WATCH: Sneaky blackbird pecks people's heads


#1

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#2

The camera person seems to enjoy it, too.

And now I am.


#3

Daddy Red Winged Blackbird when the nest's nearby. The only bird I've encountered that goes for a more aggressive defense is a Catbird when you're picking "its" berries.


#4

There's a mockingbird that acts like this near where I live. It rarely hits people though. It's more of an aggressive swoop. I walk my cat and dog by it's nest and it'll try to take on the three of us at the same time. All three of us usually scatter and run like little wimps. We're three animals that could whoop that bird's ass, yet we all run. I've come to respect that bird. Whenever I get nervous about something I think of that damn bird. I think to myself, "If that stupid little bird can make a cat, dog, and a grown man run away in fear, you can do this!"

For what is this really but a classic David and Goliath story? Albeit one where Goliath is just minding his own business while David is being extra obnoxious.


#5

There was a bluejay that had a nest in a nearby tree that used to do this.

The first time I got hit, I had my headphones on and had no clue what happened.

After that, coming up on the tree, I used to let my lab run the full length of his lead and take the hit for me. He never saw the bird coming, or going, and every time he made this hilarious "WTF" face at me I just shrugged.


#6

One: people are not wearing enough hats.


#7

Oh, that Allen Funt...


#8

Those starlings look like amateur hour compared to the master of swoop and peck, the kookaburra.

Do Not Fuck With Kookaburra. Thinking about it is just as bad, as far as Kookaburra is concerned. You've been warned. Pecking and maniacal taunting laughter afterward are the only options, according to Kookaburra.


#9

Swallows are the go-to assholes of the avian world in my book. They will swoop and peck and generally go crazy if you get within what seems to be a pretty massive radius of their little roost.

My aunt's barn was a no man's land for a few weeks unless you had some kind of helmet.


#10

If this was a wild mammal of any appreciable size, animal control would have already shot it.

Curious that we seem to tolerate birds being pissed at us for bulldozing their environment and putting up houses in what is, biologically speaking, their territory, but for many other animals we bring out the murder machines.


#11

Helmets might actually provoke things, too.



#12

Glitch:
If this was a wild mammal of any appreciable size, animal control would have already shot it... Curious that we seem to tolerate birds being pissed at us for ... but for many other animals we bring out the murder machines.

It's for the same reason that we have dog catchers, but not cat catchers. Birds are not considered a possible threat to your safety, just a minor nuisance.

However, if you had an ostrich running at people like that, we might make an exception...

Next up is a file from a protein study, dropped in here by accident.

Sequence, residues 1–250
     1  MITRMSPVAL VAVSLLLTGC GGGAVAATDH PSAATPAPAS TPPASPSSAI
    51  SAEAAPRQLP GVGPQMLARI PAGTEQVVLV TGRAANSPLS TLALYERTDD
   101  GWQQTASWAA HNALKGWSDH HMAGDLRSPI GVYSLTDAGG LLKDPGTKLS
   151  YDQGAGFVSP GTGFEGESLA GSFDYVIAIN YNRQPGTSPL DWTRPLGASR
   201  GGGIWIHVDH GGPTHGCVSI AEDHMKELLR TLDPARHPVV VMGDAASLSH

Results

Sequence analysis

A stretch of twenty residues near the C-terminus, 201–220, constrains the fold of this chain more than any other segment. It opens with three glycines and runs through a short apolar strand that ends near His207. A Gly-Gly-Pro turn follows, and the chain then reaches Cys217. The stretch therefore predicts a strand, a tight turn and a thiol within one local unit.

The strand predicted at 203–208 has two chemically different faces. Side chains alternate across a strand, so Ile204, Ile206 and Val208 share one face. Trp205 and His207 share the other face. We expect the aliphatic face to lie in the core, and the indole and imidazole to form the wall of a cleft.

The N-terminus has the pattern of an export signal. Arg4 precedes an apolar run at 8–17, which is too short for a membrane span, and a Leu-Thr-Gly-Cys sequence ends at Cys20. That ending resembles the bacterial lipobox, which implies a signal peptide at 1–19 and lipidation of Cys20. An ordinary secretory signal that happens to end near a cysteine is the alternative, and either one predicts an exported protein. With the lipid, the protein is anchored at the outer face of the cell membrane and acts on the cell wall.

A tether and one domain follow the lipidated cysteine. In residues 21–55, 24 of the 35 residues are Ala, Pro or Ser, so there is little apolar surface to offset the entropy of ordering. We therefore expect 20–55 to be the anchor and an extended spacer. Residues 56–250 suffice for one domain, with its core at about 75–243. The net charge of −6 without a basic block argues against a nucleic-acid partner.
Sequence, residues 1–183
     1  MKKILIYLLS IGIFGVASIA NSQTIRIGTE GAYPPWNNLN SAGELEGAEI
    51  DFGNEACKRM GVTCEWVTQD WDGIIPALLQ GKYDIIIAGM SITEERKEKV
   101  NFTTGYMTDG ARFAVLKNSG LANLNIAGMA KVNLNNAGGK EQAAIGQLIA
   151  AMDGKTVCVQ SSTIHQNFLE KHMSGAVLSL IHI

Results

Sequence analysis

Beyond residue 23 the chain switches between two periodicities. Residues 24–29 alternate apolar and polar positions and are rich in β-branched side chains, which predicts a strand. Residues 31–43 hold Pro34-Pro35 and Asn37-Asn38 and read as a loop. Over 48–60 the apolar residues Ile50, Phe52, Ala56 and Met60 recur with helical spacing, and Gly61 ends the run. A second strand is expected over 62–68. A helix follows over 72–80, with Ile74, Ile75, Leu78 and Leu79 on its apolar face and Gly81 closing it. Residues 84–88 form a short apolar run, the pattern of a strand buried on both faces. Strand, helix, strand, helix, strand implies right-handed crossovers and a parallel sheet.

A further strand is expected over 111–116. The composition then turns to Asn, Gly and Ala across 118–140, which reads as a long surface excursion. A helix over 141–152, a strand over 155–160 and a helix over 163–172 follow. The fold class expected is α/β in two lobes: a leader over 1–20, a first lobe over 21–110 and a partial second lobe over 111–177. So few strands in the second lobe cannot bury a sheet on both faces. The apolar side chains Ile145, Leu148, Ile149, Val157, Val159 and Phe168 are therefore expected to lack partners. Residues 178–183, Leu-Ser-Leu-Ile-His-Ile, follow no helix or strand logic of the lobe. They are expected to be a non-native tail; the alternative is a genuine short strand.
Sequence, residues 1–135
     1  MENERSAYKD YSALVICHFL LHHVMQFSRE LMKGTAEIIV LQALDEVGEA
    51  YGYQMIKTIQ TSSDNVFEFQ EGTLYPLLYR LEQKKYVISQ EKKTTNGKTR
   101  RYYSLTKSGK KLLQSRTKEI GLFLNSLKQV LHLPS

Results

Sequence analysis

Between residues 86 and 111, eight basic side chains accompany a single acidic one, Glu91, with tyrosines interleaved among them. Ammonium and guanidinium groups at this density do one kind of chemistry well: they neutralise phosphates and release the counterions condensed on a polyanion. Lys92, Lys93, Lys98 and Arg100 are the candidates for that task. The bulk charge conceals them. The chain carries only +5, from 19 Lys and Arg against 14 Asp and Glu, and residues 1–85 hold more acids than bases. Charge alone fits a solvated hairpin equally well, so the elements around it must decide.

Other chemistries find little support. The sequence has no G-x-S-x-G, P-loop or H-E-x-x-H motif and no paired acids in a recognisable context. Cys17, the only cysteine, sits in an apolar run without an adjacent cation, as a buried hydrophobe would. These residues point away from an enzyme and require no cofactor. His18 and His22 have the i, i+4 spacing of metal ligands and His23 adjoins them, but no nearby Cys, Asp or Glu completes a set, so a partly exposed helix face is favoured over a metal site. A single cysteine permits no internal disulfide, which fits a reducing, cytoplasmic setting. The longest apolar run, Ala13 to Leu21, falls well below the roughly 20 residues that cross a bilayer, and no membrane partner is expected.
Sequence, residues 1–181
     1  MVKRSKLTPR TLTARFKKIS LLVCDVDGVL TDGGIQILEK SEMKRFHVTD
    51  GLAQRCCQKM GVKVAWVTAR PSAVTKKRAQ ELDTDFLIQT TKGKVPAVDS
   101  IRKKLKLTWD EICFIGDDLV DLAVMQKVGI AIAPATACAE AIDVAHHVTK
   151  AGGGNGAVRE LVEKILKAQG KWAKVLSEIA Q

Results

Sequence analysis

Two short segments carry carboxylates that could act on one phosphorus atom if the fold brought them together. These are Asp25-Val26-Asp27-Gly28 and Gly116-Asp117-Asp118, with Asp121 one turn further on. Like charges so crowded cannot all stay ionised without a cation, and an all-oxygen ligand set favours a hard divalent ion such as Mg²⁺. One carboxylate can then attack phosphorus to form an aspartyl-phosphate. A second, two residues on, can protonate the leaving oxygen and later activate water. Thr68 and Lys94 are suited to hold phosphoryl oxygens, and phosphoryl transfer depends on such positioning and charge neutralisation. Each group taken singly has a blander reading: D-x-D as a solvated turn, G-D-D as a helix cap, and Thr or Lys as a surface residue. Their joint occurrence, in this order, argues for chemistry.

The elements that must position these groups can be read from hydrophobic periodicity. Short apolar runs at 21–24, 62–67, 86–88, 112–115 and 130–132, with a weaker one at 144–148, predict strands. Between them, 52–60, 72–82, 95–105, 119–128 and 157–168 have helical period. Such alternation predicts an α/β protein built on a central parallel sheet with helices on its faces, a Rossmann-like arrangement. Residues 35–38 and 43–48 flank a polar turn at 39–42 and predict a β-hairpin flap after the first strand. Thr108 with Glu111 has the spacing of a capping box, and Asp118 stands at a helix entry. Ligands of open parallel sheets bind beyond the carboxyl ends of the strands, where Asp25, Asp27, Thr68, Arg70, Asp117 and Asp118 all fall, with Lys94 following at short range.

#13

That is awesome! I really hope someone won an IgNobel for that!


#14

smile Aw c'mon, that's not really the problem here. The problem is that the birds are nesting, and the aggressive behavior is temporary only while the birds are nesting. So just like elephants that are "in season" - it's best to stay out of these birds' way.

We actually left them environment that suits their use, and they're using it. If we'd bulldozed the all environment these birds prefer, they'd have already gone the way of the Carolina parakeet. That bird died out completely from deforestation and disease, and was one of only two parrot species that lived natively in the U.S. We also got rid of the passenger pigeon because it was a social bird, big and tasty, and we wanted land. We're great at eradicating species.


#15

Me too. No idea if he officially published though.

During swooping season, local news and community groups set up crowd-sourced online maps* to show where problem birds are. As Australian Magpies are a protected species, it takes a fair bit to get the bird relocated and often it's far easier just to avoid them during the nesting season.

*That one's from Adelaide, so it's probably a crowed-sourced map.


#16

That's fantastic!


#17

They're walking past its nest.

I used to get divebombed by a mockingbird when it built a nest outside my front door. It was like getting hit in the head with a beanbag.


#18

Mockingbirds are rascals, and I have seen them gang up on a cat while the cat pretends nothing is happening. They will also pester hawks to no end

But they do push their luck too far, and I once saw several crows kill a mockingbird. I also recently found a circle of feathers in the yard where a mockingbird apparently lost to the local hawk.


#19

This bird's nesting hormones have it on the alert for "attacking" passersby to dive-bomb from sunup to sundown on long summer days, and it may also need to provide its mate/offspring with food at the same time. The huge amount of energy birds expend and the risks they run (as they usually/healthfully avoid humans) to feed, protect, and raise a new generation has probably been measured in the bio-journals, and can be appreciated by birdwatchers. We all live in the territory of one bird or another; you can hear their territory-establishing calls going back and forth, their pair-bonding "duets," their warning calls, etc. This bird is of course going right to the close-encounters-of-the-third-kind level....


#20

I don't know if it's the Jared icon helping out, but "the go-to assholes of the avian world in my book" is the funniest phrase I've read this week. Thanks!